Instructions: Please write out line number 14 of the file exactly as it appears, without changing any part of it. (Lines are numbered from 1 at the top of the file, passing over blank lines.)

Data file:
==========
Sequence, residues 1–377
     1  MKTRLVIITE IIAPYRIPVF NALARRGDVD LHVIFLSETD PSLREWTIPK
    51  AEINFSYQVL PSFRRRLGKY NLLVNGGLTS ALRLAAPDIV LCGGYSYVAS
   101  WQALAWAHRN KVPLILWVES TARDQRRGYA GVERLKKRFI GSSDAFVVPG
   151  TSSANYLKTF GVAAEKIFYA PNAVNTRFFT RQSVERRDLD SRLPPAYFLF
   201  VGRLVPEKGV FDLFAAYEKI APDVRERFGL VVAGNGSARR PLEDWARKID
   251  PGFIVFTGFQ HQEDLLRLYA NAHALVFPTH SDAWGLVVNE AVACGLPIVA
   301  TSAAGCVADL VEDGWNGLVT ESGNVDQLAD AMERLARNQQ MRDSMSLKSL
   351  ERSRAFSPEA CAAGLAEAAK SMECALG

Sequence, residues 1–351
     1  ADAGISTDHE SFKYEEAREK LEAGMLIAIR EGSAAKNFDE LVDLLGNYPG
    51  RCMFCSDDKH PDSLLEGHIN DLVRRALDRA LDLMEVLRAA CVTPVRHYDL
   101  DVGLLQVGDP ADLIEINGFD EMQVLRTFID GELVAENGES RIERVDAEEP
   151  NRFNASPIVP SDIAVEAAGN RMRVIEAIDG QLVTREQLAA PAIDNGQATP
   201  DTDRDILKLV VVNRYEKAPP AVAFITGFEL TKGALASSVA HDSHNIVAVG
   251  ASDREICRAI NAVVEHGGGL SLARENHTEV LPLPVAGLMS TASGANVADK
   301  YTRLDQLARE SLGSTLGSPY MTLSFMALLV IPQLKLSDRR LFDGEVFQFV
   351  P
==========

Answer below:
   151  NRFNASPIVP SDIAVEAAGN RMRVIEAIDG QLVTREQLAA PAIDNGQATP